Pride Week and Prejudice in Dark Shadows #dsxp #darkshadows

So, I won’t cover any political ground that Cousin B. covered in his fine piece:

I will take the opportunity to add my two cents in a tangential area.

Happy Belated Canada Day, by the way.

There’s a podcast I always wanted to do to discuss the relationship between Dark Shadows and homosexuality.  As Wallace said, it’s not a who’s-who matter, re: the cast.  That’s been pretty well-covered elsewhere and is more-or-less public record.  These were stage actors and writers in Manhattan in the 1960’s. From my studies in theatre history, a community robust with gay men.

Last year as I watched the show, the elephant in the room was the issue of homosexual subtext in the story.  Because it was my first year running the site, and because I was trying to keep the site from being political, I shied away from that discussion.  I somewhat regret that.

Cover of "The Bride of Frankenstein (Univ...
Cover via Amazon

I don’t think that Dark Shadows was some sort of coded manifesto by design, but it’s an astonishing slice of historical human experience if you take a moment to reverse-engineer the show.  It’s the same with The Bride of Frankenstein.  The movie works on its own.  And… if you then say, “This was made by a gay man in a time when that was misunderstood, shunned, secret, etc,” the movie becomes political as hell.  I’m not even talking about Dr. Praetorius.  Karloff‘s character (it feels odd calling him the “creature,” especially in this context) just wants acceptance and companionship in a world of Teutonic rednecks who’d love to lynch him for, yes, how he was born.  Which, let us not forget, was by men reproducing without the aid of women.  Everything I’ve read indicates that Whale was pretty comfortable with his homosexuality, but even that was after years of struggle and hardship in bigoted poverty and war.  And Karloff’s character spends a lot more time just looking for a friend than he does a mate.  Whale wasn’t making this by accident, and it makes me very sad that such a world existed and, to some extent, still exists.  When I teach that movie, I do teach it from that reading, and the nice thing is that everyone — regardless of orientation — can still identify with it because everyone understands the feeling of difference that Karloff’s character experiences.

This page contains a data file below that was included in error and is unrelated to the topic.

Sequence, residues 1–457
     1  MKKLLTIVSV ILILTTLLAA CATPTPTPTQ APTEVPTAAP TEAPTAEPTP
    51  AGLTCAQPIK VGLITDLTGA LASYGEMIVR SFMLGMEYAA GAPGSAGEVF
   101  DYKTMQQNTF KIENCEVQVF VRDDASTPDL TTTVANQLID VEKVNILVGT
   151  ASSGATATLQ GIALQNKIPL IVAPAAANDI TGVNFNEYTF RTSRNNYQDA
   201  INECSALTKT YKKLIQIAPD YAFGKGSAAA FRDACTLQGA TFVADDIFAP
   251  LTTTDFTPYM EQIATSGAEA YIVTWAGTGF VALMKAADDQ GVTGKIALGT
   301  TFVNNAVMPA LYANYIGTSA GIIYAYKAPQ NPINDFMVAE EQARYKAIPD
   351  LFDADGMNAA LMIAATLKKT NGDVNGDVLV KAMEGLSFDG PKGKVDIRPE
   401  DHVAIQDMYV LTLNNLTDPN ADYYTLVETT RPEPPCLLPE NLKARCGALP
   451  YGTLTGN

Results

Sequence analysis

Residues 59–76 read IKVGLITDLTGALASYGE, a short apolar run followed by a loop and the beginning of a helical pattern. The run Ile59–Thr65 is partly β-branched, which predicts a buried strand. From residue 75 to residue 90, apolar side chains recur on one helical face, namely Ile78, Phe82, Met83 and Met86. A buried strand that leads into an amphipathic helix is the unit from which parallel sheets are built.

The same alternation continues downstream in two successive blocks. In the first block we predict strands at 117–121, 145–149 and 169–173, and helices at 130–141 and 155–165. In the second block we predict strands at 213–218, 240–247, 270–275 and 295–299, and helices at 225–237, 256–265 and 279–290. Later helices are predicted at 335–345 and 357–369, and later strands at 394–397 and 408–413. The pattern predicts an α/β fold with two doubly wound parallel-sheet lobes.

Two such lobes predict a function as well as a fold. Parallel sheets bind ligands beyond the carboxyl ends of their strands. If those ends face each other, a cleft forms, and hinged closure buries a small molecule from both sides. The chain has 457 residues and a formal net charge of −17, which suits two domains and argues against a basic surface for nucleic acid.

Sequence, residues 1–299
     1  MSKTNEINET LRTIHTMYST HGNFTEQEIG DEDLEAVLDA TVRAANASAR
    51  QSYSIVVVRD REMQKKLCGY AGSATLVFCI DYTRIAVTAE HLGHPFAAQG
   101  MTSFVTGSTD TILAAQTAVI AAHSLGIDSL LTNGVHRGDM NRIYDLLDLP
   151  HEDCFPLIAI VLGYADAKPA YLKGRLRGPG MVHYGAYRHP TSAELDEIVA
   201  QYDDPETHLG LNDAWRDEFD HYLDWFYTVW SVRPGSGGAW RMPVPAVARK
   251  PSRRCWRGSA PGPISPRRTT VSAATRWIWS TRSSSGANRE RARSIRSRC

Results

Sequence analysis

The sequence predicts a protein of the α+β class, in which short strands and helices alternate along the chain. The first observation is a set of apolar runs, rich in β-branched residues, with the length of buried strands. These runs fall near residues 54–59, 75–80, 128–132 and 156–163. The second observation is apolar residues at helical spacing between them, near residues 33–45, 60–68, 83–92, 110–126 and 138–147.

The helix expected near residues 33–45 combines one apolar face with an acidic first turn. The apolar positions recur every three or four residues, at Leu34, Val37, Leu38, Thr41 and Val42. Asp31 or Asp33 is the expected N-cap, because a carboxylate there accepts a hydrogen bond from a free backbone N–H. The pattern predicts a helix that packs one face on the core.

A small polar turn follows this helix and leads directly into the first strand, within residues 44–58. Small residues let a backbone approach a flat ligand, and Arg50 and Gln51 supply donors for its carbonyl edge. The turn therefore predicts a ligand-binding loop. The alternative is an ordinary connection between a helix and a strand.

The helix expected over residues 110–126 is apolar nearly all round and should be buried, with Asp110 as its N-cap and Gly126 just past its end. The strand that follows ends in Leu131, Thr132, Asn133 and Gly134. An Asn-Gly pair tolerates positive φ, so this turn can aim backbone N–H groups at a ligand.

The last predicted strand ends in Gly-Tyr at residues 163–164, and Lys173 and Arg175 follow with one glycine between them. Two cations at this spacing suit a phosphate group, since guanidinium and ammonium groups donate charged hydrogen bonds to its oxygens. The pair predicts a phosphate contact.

I think Dark Shadows would have had a lot of subtext even if every actor had swaggered around the set like Denny Crane.  Was it helped by the fact that many didn’t?  Um, yes.  But it’s not really a matter of the acting.  In a time when homosexuality was still either a punchline or just a secret, the show has a lot to say in what it doesn’t say.  Dark Shadows is a world of secrets and the ambiguous relationship the heroes have with those who know and keep the secrets.  It’s a world where everyone has some deeply alienating quality causing them to fear the opinion of others.  The characters spend a lot of time trying to assimilate, however their strengths always come from their differences.

Going deeper, the two big curses get created by women based on the men rejecting them.  Who cures them? Men.  (Except for Angelique at the very end, guys like Lang and Petofi are able to help where female healers are powerless.)  But before the “cures,” these men have compulsive, nocturnal behaviors for which they have nothing but self-loathing and denial.  Barnabas actually hides in a (form of) closet in the daytime and then hides Chris Jennings in a larger closet.  Quentin is likewise locked up in a form of a closet until he is released, at which point he poisons the family atmosphere to such an extent that the entire clan moves out.

Speaking of Petofi, they don’t even bother with subtext regarding his teasing of Aristede.  It’s just text.  They are my favorite couple on the show, gay, straight, or otherwise.

There is, quite easily, a Ph.D. dissertation to be found in all of this.  And I’m talking about what I see as metaphors, not truths about who people actually are or how people actually behave.  It’s venting, more than anything else.

Tip o’ the iceberg.

My point is that Dark Shadows can be read as containing a very vivid portrait of what I’m guessing a number of gay men felt like while growing up, living, and working in a very politically aware time of transition.  I don’t know how intentional it was.  Certainly, I don’t get the idea that it was on Dan’s mind.  Ultimately, I’d be appalled if someone were a die-hard Dark Shadows fan and a homophobe.  (It would be a bit like meeting

a racist Star Trek fan.)  If you find yourself in those simultaneous categories, you may want to give the show another look.

You clearly read the notes but didn’t hear the music.